PORT ANGELES — Just like the lead singer’s voice, this band soared, high and fast and across the Northwest. They played their signature blend of frolicsome folk, bluegrass, traditionals and originals in parks, bars, theaters and festivals, little and large.
But now they’re just about finished.
Abby Mae & the Homeschool Boys, the foursome that gave Led Zeppelin an Appalachian sound, has a few final gigs before the members go their separate ways. And to cap off their life as a band, they have a new album on the horizon — provided $3,000 can be raised in 30 days.
The campaign starts today — which happens to be 3/30 — on Kickstarter.com, the Internet-based fundraising platform favored by artists around the world. Abby Mae & the Homeschool Boys are now seeking pledges of $10 on up to $1,000 toward production of their third record, to include “Strip It Down,” “Run Away Ladies,” “Cindy,” “Twenty-Eight Red Golden Apples Dance,” “I’ve Endured” and more to be announced.
Depending on pledge amount, each supporter will receive a digital download of the album, a signed copy of the CD, a copy of Abby Mae’s previous record “Wade in the Water,” a DVD of the band’s performances or all of the above.
And for the top-flight pledge of $1,000, the Homeschool Boys will even compose and record a personalized song on a topic of the donor’s choice — “as long as it’s wholesome,” said David Rivers, the band’s guitarist-banjo player-backup singer.
Details, songs and videos are at Kickstarter.com as well as AbbyMaeandtheHomeschoolBoys.com and on the group’s Facebook page.
The quartet plans to go into Jeremy Cays’ Sequim studio to record this next album, Rivers said. Meantime, there are Port Angeles show dates through the spring, including:
■ The final CD fundraising party — free admission, donations accepted — Friday, April 13, at Wine on the Waterfront, upstairs in The Landing Mall at 115 E. Railroad Ave.;
■ The Five Acre School benefit barn dance April 21;
■ A concert with the Bellingham band Nettle Honey and local duo Witherow & Gibson on May 4 at Studio Bob, 118 1/2 E. Front St.;
■ Two shows, one on the Chamber Stage and one “after hours” performance at the Port Angeles CrabHouse Restaurant on May 25 during the Juan de Fuca Festival of the Arts.
June will be quiet in terms of shows, but then the final CD release party is set for July 20 in Port Angeles.
And since Abby Mae and the band had already booked the Bainbridge Island Bluegrass Festival on July 28 before deciding to disband, that looks to be their swan song.
The reason for this ending is fourfold.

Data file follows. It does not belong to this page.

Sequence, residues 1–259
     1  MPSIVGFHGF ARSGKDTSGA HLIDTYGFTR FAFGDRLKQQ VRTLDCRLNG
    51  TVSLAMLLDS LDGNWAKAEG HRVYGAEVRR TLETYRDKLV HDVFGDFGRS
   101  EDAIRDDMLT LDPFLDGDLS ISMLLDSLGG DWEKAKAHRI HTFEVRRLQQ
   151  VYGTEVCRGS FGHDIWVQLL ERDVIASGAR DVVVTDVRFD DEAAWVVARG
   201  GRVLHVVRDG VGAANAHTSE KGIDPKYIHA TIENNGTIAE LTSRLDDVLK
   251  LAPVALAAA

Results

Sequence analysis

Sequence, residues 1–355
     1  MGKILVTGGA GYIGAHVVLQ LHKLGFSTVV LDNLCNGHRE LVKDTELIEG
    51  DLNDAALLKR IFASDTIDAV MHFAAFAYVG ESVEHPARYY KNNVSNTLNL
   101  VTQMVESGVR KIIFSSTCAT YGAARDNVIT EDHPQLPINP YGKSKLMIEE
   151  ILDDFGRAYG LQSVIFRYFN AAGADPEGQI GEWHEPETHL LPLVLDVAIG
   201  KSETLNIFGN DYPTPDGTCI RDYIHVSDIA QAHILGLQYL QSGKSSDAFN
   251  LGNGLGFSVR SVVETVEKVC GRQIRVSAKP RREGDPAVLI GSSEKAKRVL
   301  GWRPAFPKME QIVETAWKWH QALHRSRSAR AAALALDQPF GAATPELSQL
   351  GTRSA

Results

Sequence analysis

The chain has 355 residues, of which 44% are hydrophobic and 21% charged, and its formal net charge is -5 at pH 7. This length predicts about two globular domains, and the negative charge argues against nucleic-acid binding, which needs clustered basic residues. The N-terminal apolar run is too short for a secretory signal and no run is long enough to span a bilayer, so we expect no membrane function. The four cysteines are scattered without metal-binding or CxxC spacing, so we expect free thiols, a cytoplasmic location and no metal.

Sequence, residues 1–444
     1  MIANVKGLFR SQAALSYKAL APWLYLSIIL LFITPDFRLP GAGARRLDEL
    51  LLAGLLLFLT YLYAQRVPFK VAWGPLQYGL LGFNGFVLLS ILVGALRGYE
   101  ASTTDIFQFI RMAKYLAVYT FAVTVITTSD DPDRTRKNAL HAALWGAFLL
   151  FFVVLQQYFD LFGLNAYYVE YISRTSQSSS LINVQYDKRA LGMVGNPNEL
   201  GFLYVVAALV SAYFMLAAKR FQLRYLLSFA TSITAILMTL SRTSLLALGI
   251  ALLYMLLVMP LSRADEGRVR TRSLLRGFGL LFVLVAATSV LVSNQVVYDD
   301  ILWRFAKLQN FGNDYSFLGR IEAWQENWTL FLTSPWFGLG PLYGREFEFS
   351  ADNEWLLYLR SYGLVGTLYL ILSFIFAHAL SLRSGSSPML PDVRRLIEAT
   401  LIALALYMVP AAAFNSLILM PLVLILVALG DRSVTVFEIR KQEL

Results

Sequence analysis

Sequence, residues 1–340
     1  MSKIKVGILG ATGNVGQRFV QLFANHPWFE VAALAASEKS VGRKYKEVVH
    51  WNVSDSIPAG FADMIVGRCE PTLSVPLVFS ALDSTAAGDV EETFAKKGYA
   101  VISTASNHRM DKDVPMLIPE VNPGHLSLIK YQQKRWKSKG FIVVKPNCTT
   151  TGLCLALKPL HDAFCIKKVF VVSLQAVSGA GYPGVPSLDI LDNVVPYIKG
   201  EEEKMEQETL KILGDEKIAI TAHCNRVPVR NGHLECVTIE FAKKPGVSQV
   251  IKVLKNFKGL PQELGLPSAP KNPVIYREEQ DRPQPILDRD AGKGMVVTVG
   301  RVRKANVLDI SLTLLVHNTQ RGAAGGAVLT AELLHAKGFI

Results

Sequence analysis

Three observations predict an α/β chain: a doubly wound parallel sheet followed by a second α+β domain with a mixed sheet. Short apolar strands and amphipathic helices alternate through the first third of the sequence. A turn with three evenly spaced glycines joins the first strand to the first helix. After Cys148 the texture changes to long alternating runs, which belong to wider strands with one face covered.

Fiddler Joey Gish is headed for Western Washington University in Bellingham this fall; bassist Hayden Pomeroy is applying to colleges in Bellingham and Alaska; singer Abby Latson plans a musical project with her boyfriend, Dillan Witherow; and Rivers will continue his exploration of old-time and bluegrass music.
“It’s been a crazy ride for all of us, and we’ll never be able to truly express how grateful we are,” Rivers said.
Abby Mae & the Homeschool Boys went from packed bars and auditoriums in Port Angeles to throngs at the Northwest Folklife Festival in Seattle and Wintergrass in Bellevue. These past two years have, as Rivers puts it, been a “dream come true.”
Were it not for the people who fell for Abby Mae’s music, “we’d still be playing in our living rooms. But since the beginning, everyone has lifted us up, cheered us on and drove us to such joy and success, it’s really unbelievable,” he said.
But as tightly as the ensemble plays together, life is pulling the four in differing directions.
“We’re all young people,” Latson said, “and [we] all have so many dreams and aspirations for our lives.”
She and Rivers are the senior members of the band — though just 23 and 26 respectively.
“It’s time we go out and explore other things,” Latson added.
For her part, Latson and Witherow envision Standing on Shoulders, an acoustic duo to play originals in the country and folk veins. They’ve already been writing songs together; influences include the Civil War and the duo of Glen Hansard and Marketa Irglova in the movie “Once.”
Latson looks forward to recording an album this spring and debuting it in August.
“We’re really excited to show it to everyone,” she said.
As for Abby Mae & the Homeschool Boys’ forthcoming album, the band members want it to be a parting gift for their community of fans. They hope, of course, that it will be a lasting piece of the “youthful exuberance,” as Rivers has called it, that brought them together.“It’s always been my hope,” added Latson, “that we could get a message of hope and joy out . . . and I think to some degree, we’ve achieved that. I’ve loved every moment.”